Blue Jay Review

The Duplass brothers are a special type of genius, people might criticize them for following the same routine over a decade, but the truth of the matter is that these guys are form part of the founding father of mumblecore cinema and continue to expand its message to this day. And surely they’ve continued to explore the same themes and ideas that unite mumblecore cinema, but as the years have gone by they’ve begun to experiment with the genre, taking it somewhere new with each film. As for Blue Jay, this is a more clear-cut mumblecore film and besides the fact that its in black and white its still a film based on the use of improvisational dialogue that deals with the dilemmas of romance and a protagonist in his forties that’s just aimlessly moving through life.

    The use of black and white in Blue Jay is a very distinct choice as it isn’t done as a way of cheapening the budget considering you can record a film on your phone these days and it isn’t done to try and hearken back to an era long gone, instead the use of black and white boils down to tone. The relationship between tone and camera is entirely present as cinematographer/director/writer Alexandre Lehmann slowly displays images of solitude in black and white towards the beginning of the film. I don’t want to spoil anything about the film, but I will say it does go to some very emotional places, and by saying that I don’t mean its utterly gloomy and depressing, but rather that it shows a strong display of emotions. Whether those emotions are love, happiness or angst, they’re all presented in an extremely naturalistic light that is amplified by the relation between the tone and the camera.

     Mumblecore cinema is know for a very naturalistic and reactionary type of acting, which obviously differs to that of your typical Hollywood blockbuster. And with Blue Jay we also have our principal characters in a very special encounter and the way both Duplass and Paulson are able to demonstrate such heartfelt emotion on an improvisational level is just ludicrous. They’re absurdly magnificent in capturing the unfulfillment of youthful dreams in an adult, presenting us with some of the best on-screen chemistry of the year and truly stupendous work as actors. They’re work as actors is honest and emotional, shedding light on the raw nature of love. Duplass, as we’ve come to expect is always great, the wild card here would be Sarah Paulson who I don’t recall ever working on a type of film like this before. Being honest, I think she might be even better at tapping into the improvisational honesty that a mumblecore film requires, she’s incredibly talent and has a glowing presence that transcends the black and white film she’s being filmed on. If you don’t believe me, even Duplass himself has said in a beautiful For Your Consideration letter he wrote about her.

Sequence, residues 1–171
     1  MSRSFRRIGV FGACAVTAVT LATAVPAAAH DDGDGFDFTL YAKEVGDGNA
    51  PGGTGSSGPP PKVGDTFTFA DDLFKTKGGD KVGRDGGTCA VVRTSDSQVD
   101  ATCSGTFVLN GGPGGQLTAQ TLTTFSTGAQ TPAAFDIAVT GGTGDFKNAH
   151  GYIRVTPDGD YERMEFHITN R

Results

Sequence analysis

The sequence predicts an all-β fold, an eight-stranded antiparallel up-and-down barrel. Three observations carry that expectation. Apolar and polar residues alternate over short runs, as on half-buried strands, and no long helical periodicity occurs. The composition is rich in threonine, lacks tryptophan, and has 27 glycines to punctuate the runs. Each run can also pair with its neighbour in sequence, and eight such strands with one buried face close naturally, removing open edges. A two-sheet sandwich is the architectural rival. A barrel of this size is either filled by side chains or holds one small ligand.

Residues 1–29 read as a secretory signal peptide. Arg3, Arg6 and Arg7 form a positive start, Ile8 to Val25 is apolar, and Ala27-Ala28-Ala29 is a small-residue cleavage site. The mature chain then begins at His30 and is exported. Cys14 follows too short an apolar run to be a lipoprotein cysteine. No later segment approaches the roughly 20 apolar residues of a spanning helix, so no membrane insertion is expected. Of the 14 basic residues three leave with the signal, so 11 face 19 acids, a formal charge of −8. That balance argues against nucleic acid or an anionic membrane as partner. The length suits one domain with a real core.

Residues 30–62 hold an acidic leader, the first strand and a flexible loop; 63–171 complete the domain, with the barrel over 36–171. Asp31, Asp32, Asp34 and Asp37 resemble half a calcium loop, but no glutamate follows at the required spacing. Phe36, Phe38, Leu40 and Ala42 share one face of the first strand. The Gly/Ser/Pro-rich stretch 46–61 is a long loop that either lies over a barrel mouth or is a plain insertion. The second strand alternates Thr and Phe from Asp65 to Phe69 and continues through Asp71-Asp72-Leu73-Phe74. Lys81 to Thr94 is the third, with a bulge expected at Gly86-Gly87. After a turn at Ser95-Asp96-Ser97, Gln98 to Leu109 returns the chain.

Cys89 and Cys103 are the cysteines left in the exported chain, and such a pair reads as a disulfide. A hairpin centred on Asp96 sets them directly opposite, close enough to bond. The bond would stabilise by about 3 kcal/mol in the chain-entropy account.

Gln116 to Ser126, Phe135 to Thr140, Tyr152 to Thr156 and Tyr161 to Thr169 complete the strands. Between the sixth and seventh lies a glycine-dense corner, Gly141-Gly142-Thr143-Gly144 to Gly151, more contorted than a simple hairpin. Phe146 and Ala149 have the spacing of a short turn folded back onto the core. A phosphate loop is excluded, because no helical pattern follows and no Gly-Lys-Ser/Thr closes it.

Blue Jay is an emotionally resonant film that uses tonality in order to express a grand range of emotions. Alexandre Lehmann does a great job in capturing the honesty of love, both the horror and the happiness that comes with it. Duplass and Paulson are magnificent together, crafting one of the most beautiful on-screen relationships I’ve seen on film this year. As a whole, Blue Jay is a beautifully haunting look at unfulfilled promises of youth that provides us with some great acting and directing, garnering another good film to the Duplass brothers’ already excellent résumé.


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